BOTTAR: The vinyl chloride and other chemicals did get into the local creek and killed hundreds of fish. I'm sure we've all seen tweets and videos and pictures of dead fish in the water. It was very scary. They are currently remediating that local creek, they've, like, dammed it off on both ends around the spill, and they're rerouting the water around that impacted part. There were some reports of contamination in the Ohio River, but at this point in time, the governor said last week that there's no concern for the Ohio River right now. There's no contamination any longer. And there's just going to be some continued monitoring just to be extra safe. But he said there's no concern there.

BASCOMB: Now, you said at the beginning of our chat here that it took about a week for the EPA to tell people what chemicals were in that train and what they needed to be concerned about. Now, my understanding is that that's kind of standard, that, you know, communities where these trains are rolling through, they don't have access to the information. The train companies aren't obligated to tell people what they're carrying, what hazardous chemicals might be on board. What are you hearing about, you know, potential changes to that rule and how we might avoid this situation in the future?

BOTTAR: Yeah, that's completely correct. From the beginning, I spoke to environmental advocates, and I've also seen rail unions speak out about this. They say, we've been calling for this greater accountability and greater transparency from freight rail companies for years. That communities should know what's rolling through their town on tracks. I mean, I grew up really close to train tracks. A lot of my coworkers did.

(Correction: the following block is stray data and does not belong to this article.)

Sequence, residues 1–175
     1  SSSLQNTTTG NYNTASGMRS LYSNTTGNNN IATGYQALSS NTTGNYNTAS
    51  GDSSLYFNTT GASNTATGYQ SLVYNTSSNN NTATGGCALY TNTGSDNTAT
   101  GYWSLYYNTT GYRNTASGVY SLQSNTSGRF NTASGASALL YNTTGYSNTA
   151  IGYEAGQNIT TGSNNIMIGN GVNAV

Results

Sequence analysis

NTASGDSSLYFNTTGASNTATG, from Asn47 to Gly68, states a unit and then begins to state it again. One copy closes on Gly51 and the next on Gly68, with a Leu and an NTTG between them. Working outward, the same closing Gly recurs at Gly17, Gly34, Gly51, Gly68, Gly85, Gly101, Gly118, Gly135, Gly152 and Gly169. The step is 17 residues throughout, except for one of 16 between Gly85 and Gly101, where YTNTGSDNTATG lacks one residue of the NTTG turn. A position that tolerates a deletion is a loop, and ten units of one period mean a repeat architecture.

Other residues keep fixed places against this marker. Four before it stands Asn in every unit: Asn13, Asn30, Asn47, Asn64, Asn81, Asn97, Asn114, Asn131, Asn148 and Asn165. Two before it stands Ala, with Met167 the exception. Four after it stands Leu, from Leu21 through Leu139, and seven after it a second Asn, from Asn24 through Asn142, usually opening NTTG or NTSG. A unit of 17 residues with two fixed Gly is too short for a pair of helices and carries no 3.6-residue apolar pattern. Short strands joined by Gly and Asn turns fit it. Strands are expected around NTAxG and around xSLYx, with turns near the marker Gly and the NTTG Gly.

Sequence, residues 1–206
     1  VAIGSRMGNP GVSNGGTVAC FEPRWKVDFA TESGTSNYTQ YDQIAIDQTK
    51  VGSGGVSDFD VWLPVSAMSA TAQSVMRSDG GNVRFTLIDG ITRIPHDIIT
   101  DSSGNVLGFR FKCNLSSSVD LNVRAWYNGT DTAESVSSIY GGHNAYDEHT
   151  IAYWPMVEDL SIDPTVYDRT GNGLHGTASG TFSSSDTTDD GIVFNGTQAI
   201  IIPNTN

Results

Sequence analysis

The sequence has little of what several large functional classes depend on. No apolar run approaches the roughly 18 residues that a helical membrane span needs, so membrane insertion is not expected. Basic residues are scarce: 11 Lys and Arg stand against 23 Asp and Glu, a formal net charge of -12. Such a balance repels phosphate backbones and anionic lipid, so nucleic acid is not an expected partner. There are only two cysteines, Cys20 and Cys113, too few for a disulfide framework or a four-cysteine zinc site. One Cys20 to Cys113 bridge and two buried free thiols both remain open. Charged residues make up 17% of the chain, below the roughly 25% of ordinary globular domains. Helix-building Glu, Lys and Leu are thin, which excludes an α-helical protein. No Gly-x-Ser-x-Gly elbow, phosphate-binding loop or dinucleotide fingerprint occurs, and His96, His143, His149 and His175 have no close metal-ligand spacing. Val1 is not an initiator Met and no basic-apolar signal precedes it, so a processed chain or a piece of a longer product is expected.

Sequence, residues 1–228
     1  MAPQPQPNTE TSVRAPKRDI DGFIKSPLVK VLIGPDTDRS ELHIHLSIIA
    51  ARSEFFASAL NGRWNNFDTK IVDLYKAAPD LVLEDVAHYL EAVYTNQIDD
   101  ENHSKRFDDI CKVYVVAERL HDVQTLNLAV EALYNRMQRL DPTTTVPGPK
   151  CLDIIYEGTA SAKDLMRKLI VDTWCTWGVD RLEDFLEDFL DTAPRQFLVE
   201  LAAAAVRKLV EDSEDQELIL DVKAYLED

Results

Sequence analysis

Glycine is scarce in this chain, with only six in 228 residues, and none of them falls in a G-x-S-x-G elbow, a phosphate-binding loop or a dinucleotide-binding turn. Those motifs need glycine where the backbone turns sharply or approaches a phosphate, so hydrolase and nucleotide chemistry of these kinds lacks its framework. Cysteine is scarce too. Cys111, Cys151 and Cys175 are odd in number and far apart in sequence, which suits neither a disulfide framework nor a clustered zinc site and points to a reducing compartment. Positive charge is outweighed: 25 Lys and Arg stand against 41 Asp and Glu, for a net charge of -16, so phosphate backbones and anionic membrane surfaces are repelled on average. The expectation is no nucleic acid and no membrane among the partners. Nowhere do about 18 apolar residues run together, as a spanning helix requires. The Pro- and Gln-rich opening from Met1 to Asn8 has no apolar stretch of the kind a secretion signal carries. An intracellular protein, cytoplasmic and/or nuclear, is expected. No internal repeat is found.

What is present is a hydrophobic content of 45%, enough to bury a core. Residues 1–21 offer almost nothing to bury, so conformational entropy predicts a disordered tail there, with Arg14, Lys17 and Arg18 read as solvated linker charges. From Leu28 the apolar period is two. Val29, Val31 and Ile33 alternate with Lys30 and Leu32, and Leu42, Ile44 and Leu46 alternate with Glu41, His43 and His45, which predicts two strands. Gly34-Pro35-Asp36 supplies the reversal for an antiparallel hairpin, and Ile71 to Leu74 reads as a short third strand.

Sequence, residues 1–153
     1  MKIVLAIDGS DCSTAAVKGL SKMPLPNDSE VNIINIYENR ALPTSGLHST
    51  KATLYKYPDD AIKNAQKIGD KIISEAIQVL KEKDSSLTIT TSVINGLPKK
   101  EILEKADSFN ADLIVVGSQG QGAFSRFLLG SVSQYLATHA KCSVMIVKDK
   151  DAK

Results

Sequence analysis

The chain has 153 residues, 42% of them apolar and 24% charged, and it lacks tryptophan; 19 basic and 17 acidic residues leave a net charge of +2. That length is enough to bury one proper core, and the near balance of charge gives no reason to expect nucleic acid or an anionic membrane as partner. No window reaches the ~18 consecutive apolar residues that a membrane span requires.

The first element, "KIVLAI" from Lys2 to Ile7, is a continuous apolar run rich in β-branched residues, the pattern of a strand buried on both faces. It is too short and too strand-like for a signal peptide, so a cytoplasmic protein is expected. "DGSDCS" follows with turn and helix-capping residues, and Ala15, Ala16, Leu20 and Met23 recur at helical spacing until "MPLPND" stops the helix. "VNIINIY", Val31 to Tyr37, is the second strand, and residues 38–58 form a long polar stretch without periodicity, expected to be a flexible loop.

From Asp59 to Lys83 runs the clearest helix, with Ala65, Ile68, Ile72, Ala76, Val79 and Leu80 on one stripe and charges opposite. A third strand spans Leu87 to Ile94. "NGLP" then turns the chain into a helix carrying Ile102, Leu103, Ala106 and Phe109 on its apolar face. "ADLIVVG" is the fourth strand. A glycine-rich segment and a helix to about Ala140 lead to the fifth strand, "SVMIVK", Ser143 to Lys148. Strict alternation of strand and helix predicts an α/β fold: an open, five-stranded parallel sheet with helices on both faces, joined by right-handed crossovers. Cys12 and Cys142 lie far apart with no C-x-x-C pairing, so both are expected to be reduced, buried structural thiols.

BASCOMB: Yeah, me too.

BOTTAR: Lots of people grow up on train tracks. I never thought once, what's on that train? And we should know what's on that train. And I mean, people are saying it's far and few derailments that happen. For the most part, trains are very safe to carry these hazardous materials–they are–that's the safest way to carry hazardous chemicals. But in the instance like this where derailment does occur, communities should be able to make contingency plans, to make public health plans, to make environmental plans. So that's kind of what advocates have been calling for years. And I think this might actually–I've seen a lot of momentum–be the push to make that change happen. So there have been calls. Governor Mike DeWine, our Ohio Senators Sherrod Brown and J.D. Vance, all have called for Congress or the federal government to take up this issue and to put stricter regulations on freight rail companies. That could be like, labeling train cars better so communities know what's on them, upgrading safety systems like brakes, making it so they have to employ more people so they can do better inspections. Some of this stuff would just be reinstating some Obama era rules that were rolled back during the Trump administration. But there is a really big push for Congress to take action. If Congress did it, then it would obviously be more permanent than if the Biden administration made a rule which then a future president could just roll back like we saw this time. So there is a very big push for that to happen from both Democrats and Republicans and lots of talk about working across the aisle to get this legislation passed.